A local nonprofit group unveiled a model pop-up housing unit within, of all places, a below-ground parking lot — aiming to highlight the amount of space dedicated to car storage that could otherwise be used for residential dwellings.
Open Plans, a grassroots group dedicated to advocating for pedestrian infrastructure, unveiled the pop-up “People Over Parking: An Installation” project in Williamsburg on Saturday, showing how the space could be used to house a relatively-comfortable place for someone to live.
Featuring a bed, a pair of couches, a small table, and a kitchenette within several spaces in a cavernous, concrete garage, the installation takes aim at the idea of parking minimums — a Robert Moses-era rule that requires most developers to include off-street parking spaces whenever they construct additional housing density.
According to the activists, the laws promote car ownership, and simultaneously force developers to use space that could be used for housing, and instead build car parking.
“There is no excuse for New York City’s zoning code to encourage driving and car ownership,” said Sara Lind, Open Plans co-executive director in a statement. “Parking mandates were misguided in 1960, but they’re disastrous in 2023. Walking through this installation, you feel the absurdity of forcing this space to be used for cars when we so desperately need housing.”
Mayor Eric Adams last month proposed a groundbreaking “City of Yes” plan that includes eliminating parking minimums — a proposal that is currently being debated, and appears to have an uphill climb before potentially becoming a reality.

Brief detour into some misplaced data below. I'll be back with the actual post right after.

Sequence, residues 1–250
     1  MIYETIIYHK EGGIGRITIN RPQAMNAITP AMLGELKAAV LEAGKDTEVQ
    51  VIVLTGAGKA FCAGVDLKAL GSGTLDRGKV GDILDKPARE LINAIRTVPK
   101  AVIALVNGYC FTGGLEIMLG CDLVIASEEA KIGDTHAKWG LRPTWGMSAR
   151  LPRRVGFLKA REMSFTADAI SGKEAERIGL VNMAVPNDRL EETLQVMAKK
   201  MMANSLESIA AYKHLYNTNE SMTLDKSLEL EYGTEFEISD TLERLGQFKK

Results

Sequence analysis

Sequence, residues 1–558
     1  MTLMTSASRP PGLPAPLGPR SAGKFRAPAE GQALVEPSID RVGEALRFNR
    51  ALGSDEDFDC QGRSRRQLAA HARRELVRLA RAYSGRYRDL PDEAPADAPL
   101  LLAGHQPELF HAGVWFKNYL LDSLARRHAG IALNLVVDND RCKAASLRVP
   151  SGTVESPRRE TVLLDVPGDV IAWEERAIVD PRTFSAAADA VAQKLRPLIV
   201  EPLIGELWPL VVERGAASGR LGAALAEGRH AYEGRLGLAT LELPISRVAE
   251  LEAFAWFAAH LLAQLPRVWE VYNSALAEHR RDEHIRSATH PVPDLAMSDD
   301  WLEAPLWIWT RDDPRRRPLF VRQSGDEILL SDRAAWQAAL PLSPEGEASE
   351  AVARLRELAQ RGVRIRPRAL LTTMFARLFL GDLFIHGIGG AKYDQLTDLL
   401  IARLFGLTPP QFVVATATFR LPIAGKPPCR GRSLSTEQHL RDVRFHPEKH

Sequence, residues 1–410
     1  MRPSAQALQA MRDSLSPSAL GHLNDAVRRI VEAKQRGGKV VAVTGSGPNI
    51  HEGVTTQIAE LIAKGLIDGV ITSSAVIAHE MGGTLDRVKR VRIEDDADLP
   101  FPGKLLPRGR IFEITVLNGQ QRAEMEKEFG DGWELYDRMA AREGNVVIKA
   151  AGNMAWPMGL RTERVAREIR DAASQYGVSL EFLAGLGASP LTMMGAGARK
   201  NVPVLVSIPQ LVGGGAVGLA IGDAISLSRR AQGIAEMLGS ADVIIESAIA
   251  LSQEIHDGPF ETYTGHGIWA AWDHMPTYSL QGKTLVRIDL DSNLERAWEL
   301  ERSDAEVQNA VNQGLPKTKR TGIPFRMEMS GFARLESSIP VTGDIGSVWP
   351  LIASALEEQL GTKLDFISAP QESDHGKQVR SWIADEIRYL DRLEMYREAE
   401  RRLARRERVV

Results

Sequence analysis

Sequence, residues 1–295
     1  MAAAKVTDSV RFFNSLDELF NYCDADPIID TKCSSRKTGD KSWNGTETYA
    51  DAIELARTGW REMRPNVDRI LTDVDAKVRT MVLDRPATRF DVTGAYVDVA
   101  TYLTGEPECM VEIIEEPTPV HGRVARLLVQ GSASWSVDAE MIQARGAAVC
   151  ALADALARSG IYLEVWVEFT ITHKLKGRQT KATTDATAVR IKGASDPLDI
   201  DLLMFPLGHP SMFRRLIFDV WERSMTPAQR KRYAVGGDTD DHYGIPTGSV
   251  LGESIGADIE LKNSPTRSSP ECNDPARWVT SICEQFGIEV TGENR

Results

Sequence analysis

Lind and her partners at Open Plans created the installation to gin-up support for the measure, aiming to show alternative uses for parking spaces.
“Mayor Adams’ administration has an opportunity to modernize New York’s housing policy with this one zoning amendment, and we want every New Yorker to understand what they stand to gain from that,” Lind said.
According to Adams’ administration, developers typically opt for underground parking when they need to fulfill minimum requirements — which costs around $135,000 for every two parking spaces. For that money, they could instead add additional housing units.
Located at 66 Ainslie St. for the weekend, the pop-up was built upon two parking spaces owned by Slate Property Group — a developer who lent the space in an effort to help spread the anti-parking minimum message.
“Anything that adds to the cost and time it takes to build new apartments is working against us in this housing crisis,” said David Schwartz, a principal of Slate Property Group. “Cities across the country have stopped forcing builders to add unnecessary parking in new construction—and it’s time New York City follows suit. Slate is proud to partner with Open Plans to demonstrate the simple truth: it’s more important to create housing for our neighbors than it is to create parking for more cars.”
While the installation is no longer active, the point they set out to prove will now last as the mayor’s “City of Yes” proposal works its way through the lengthy public review process before becoming law.
The next hearing on that proposal will come via a Zoom meeting on Oct. 26, where members of the public are invited to provide comments and share their thoughts on the issue.